Should ASD Teens Try To Be "Normal"?

If you have a teenager with  Autism Spectrum Disorder [Asperger's or High-Functioning Autism], how do you let him be who he is while still protecting him so he doesn't emerge traumatized? 

 •    Anonymous said... It is EXHAUSTING trying to be normal in this NT world. NO, they should not try to be normal. They should have acceptance in this world for being themselves.
•    Anonymous said... let them home school
•    Anonymous said... My husband was "forced" to be normal because his parents had no idea. Some of that helped him, but not all of it. Now, his littler brother (currently 16) is getting the exact opposite treatment for his Aspergers. I find that this is also unhelpful however. He gets away with murder most of the time. Forcing my husband to be "normal" helped him get a job and be able to go to college and to drive. My husband and I often talk about the two different experiences. He wishes there was a little more give in his childhood, but quite a bit more take from his brother's. Home/Private schooling would have been a dream. Right now, his brother is doing half online and half in room classes. My husband was forced to take responsibility for himself, but his brother isn't at all. There should be give, but I don't think carte blanche should be allowed.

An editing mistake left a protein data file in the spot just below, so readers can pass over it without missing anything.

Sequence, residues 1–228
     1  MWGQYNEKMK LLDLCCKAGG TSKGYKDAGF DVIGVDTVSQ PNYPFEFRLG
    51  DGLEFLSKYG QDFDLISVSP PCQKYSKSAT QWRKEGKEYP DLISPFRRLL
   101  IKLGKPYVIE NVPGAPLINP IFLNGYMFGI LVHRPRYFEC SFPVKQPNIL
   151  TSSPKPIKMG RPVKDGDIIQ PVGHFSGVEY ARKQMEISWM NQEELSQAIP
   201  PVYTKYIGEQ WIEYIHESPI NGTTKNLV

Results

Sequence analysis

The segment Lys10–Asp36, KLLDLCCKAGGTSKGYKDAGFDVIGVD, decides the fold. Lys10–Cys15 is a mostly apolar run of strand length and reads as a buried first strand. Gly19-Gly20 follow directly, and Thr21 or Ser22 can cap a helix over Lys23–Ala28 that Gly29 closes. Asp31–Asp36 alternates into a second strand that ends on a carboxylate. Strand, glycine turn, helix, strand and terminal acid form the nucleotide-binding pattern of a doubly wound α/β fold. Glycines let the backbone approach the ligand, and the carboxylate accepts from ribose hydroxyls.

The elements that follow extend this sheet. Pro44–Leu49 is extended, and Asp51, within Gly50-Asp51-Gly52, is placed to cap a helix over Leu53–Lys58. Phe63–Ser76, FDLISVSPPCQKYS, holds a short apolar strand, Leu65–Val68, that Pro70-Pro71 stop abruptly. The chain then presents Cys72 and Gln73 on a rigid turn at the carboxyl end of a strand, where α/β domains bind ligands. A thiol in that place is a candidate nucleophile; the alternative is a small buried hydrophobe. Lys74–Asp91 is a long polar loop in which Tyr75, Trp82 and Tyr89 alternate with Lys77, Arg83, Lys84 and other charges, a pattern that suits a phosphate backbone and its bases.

•    Anonymous said... They can try, for sure, but experience shows they will be found out. So sad that others can't be more accepting of our differences. Having a couple of bullyguards is something I think every autistic individual should have. I had a few in school and that definitely helped, but social situations can leave one open to dangerous possibilities.
*   Anonymous said... When I was in highschool, there was a boy I am now certain had Aspergers. But back then, he was just viewed as a 'nerd'. He was ostricised, laughed at, had no friends. I felt so bad for him. But most of the time, he appeared oblivious. These days things are different, though. Being 'different' isn't as big a deal; more and more kids are letting their differences out. More people are aware of Asperger. I feel the key to an Aspie having a successful highschool 'career' lies in having a strong support system and a knowledge of what to expect. Just make sure they know that most kids will be very social, that there will be kids in relationships (make sure they know what that means), and ask them regularly about their day, if they had any issues or concerns. My son needs to be excused for pep rallies, for example: too loud, too much chaos. But there are so many opportunities. There are so many clubs where Aspies can delve into a subject of interest, giving them a sense of belonging and a chance to contribute. 

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